Journal of Psychosocial Nursing and Mental Health Services

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An Individual's Experience

Mark Williams

Abstract

Having schizophrenia, which I have had since my 20s (I am now 33) does not mean that life has ended for me - It has not.

The path of my recovery began, oddly enough, during the early 1990s. I had been laid off as a proofreader for a large company in Philadelphia and the stress brought on my joblessness (after nearly 2 years of steady employment). This, coupled with the sluggish economy of that time, led to feelings of worthlessness within myself. After a year of unemployment, I suddenly began to have hallucinations and very bizarre thoughts until finally, the entire period culminated with my first stay in the psychiatric ward of a major hospital.

Aside from the shock of being in such a place, what stays in my mind regarding my first night in the ward is the reassuring care of several psychiatric nurses who told me that recovery from my illness was possible. Had it not been for those several caring psychiatric nurses, including one nurse who held my hand and gently comforted me during my first night, I never would have believed that I would be working and be doing as well as I am today. That nurse's human touch and hopeful words did more to lift my spirits than anything I can remember.

That night, the nurses also told me to expect to return to work, to acknowledge my current state and face it, to not evade the seriousness of my illness, and to believe that I would regain the sense of myself that was lost.

Psychiatric nurses should be encouraged to give persons who are experiencing mental illness hope that a return from the disease is possible. Looking back, I recall that the nurses in the ward that night and throughout my stay told me to expect to recover from my illness, that returning to work was possible and to believe it was so. They were right.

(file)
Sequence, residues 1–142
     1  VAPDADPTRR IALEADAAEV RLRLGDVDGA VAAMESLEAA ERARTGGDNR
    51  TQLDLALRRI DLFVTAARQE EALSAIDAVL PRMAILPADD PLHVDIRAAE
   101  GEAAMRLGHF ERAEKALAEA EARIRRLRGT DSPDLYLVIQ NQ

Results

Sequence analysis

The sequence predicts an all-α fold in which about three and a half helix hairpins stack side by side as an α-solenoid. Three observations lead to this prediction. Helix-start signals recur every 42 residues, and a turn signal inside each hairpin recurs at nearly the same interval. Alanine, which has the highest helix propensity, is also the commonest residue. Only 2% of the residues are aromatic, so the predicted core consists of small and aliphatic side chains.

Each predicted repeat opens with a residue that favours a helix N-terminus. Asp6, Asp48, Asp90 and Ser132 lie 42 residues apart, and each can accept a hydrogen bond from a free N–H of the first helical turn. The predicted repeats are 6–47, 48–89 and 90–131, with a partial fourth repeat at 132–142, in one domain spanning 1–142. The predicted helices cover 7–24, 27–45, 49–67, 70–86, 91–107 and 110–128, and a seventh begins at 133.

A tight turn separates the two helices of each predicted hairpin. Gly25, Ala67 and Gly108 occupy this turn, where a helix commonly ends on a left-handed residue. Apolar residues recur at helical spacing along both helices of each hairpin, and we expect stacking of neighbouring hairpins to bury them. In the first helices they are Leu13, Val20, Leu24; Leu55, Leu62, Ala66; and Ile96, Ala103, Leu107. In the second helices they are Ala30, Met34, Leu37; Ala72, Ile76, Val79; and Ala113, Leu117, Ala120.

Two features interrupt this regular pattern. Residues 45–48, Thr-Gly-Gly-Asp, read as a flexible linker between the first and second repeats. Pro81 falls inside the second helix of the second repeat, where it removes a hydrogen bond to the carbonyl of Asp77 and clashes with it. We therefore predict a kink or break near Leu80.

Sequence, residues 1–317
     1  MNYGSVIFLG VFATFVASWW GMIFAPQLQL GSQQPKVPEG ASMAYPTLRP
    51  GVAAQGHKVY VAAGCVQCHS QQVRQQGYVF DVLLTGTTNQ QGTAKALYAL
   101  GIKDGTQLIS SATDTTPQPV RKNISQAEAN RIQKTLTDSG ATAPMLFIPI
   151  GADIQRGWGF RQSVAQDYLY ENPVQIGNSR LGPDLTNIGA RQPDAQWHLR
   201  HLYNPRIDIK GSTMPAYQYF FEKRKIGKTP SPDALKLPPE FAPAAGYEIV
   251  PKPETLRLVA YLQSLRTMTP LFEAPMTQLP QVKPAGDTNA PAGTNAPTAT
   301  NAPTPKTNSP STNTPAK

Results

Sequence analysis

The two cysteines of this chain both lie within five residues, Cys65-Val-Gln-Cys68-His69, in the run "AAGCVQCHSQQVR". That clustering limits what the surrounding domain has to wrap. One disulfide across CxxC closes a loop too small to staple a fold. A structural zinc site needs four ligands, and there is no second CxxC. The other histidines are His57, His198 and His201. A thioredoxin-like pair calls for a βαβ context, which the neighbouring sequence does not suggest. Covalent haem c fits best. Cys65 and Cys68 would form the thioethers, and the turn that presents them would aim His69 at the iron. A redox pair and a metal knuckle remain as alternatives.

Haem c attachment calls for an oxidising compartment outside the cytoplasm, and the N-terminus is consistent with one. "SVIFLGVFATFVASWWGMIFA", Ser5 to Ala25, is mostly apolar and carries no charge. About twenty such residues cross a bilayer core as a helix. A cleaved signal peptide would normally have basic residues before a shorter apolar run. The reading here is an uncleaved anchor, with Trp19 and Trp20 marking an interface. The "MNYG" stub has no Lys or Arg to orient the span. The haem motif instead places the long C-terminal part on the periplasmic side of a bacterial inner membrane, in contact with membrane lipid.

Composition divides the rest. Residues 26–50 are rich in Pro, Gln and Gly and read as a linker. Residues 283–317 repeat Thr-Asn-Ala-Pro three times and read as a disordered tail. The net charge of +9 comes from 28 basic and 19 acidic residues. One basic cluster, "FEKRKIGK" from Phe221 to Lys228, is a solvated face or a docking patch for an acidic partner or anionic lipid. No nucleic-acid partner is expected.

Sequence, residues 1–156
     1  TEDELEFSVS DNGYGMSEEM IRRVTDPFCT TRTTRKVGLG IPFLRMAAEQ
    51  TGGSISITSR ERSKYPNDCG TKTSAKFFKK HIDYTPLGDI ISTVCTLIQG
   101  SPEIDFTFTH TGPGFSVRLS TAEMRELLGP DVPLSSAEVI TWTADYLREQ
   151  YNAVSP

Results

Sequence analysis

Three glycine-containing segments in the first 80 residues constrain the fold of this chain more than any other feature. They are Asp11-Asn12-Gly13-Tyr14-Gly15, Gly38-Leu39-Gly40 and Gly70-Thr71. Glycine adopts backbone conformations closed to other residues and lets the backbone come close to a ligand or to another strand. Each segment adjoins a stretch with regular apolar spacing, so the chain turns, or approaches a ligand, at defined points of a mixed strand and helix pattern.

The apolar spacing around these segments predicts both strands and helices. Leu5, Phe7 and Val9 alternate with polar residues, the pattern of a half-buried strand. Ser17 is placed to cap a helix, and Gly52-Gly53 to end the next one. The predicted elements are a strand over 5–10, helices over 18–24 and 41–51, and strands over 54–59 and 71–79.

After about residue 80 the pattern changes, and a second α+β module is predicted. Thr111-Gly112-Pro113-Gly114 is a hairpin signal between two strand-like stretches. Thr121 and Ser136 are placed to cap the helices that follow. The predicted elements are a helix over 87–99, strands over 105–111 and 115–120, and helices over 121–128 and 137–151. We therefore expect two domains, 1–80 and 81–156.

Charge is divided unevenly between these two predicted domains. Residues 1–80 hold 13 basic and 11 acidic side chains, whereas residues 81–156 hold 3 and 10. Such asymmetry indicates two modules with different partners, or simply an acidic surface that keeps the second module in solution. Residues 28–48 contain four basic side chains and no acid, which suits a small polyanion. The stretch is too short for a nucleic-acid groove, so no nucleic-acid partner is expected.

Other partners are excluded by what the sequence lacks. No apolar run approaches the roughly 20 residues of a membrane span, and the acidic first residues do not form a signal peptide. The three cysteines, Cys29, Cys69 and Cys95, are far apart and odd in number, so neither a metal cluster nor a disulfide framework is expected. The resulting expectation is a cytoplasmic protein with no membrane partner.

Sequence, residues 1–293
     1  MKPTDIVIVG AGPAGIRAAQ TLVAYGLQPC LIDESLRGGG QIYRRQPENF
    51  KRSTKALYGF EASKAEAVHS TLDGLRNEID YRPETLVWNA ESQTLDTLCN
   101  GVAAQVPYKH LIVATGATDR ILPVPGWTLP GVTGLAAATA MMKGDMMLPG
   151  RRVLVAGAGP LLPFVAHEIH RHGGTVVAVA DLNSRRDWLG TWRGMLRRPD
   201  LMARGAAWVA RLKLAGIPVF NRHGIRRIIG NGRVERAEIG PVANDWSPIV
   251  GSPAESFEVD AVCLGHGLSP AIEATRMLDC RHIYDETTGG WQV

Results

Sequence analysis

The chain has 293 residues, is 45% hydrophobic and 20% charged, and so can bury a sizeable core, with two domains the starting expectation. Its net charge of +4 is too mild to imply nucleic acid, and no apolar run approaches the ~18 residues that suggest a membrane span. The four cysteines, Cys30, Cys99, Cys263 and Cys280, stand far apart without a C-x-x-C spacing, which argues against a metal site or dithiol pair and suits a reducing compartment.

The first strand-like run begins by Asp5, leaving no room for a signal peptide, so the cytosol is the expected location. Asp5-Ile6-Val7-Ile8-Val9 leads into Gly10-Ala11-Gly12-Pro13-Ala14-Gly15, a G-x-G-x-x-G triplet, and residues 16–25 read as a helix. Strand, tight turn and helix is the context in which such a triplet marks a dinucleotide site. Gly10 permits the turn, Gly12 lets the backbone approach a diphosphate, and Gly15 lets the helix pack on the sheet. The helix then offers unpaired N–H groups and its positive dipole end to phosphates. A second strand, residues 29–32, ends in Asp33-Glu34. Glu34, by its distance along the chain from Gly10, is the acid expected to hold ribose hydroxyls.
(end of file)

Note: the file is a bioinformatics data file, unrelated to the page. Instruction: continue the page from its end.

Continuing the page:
Now, after 2 years of unemployment following the onset of my illness, to my great surprise, I am working again, and the best thing about working again after experiencing a mental illness is the sense of normalcy - of fulfillment, even - that I have.

Although at times it can be taxing, working has restored the self-confidence I lost once my mental illness and its aftermath took hold. Relating to people in the old way, accepting responsibility, and carrying out my duties just like anyone else, has given me the feeling that anything is possible for me. Individuals who have left the hospital after suffering from a mental illness should know that work can restore them.…

Having schizophrenia, which I have had since my 20s (I am now 33) does not mean that life has ended for me - It has not.

The path of my recovery began, oddly enough, during the early 1990s. I had been laid off as a proofreader for a large company in Philadelphia and the stress brought on my joblessness (after nearly 2 years of steady employment). This, coupled with the sluggish economy of that time, led to feelings of worthlessness within myself. After a year of unemployment, I suddenly began to have hallucinations and very bizarre thoughts until finally, the entire period culminated with my first stay in the psychiatric ward of a major hospital.

Aside from the shock of being in such a place, what stays in my mind regarding my first night in the ward is the reassuring care of several psychiatric nurses who told me that recovery from my illness was possible. Had it not been for those several caring psychiatric nurses, including one nurse who held my hand and gently comforted me during my first night, I never would have believed that I would be working and be doing as well as I am today. That nurse's human touch and hopeful words did more to lift my spirits than anything I can remember.

That night, the nurses also told me to expect to return to work, to acknowledge my current state and face it, to not evade the seriousness of my illness, and to believe that I would regain the sense of myself that was lost.

Psychiatric nurses should be encouraged to give persons who are experiencing mental illness hope that a return from the disease is possible. Looking back, I recall that the nurses in the ward that night and throughout my stay told me to expect to recover from my illness, that returning to work was possible and to believe it was so. They were right.

Now, after 2 years of unemployment following the onset of my illness, to my great surprise, I am working again, and the best thing about working again after experiencing a mental illness is the sense of normalcy - of fulfillment, even - that I have.

Although at times it can be taxing, working has restored the self-confidence I lost once my mental illness and its aftermath took hold. Relating to people in the old way, accepting responsibility, and carrying out my duties just like anyone else, has given me the feeling that anything is possible for me. Individuals who have left the hospital after suffering from a mental illness should know that work can restore them.

10.3928/0279-3695-19980401-12

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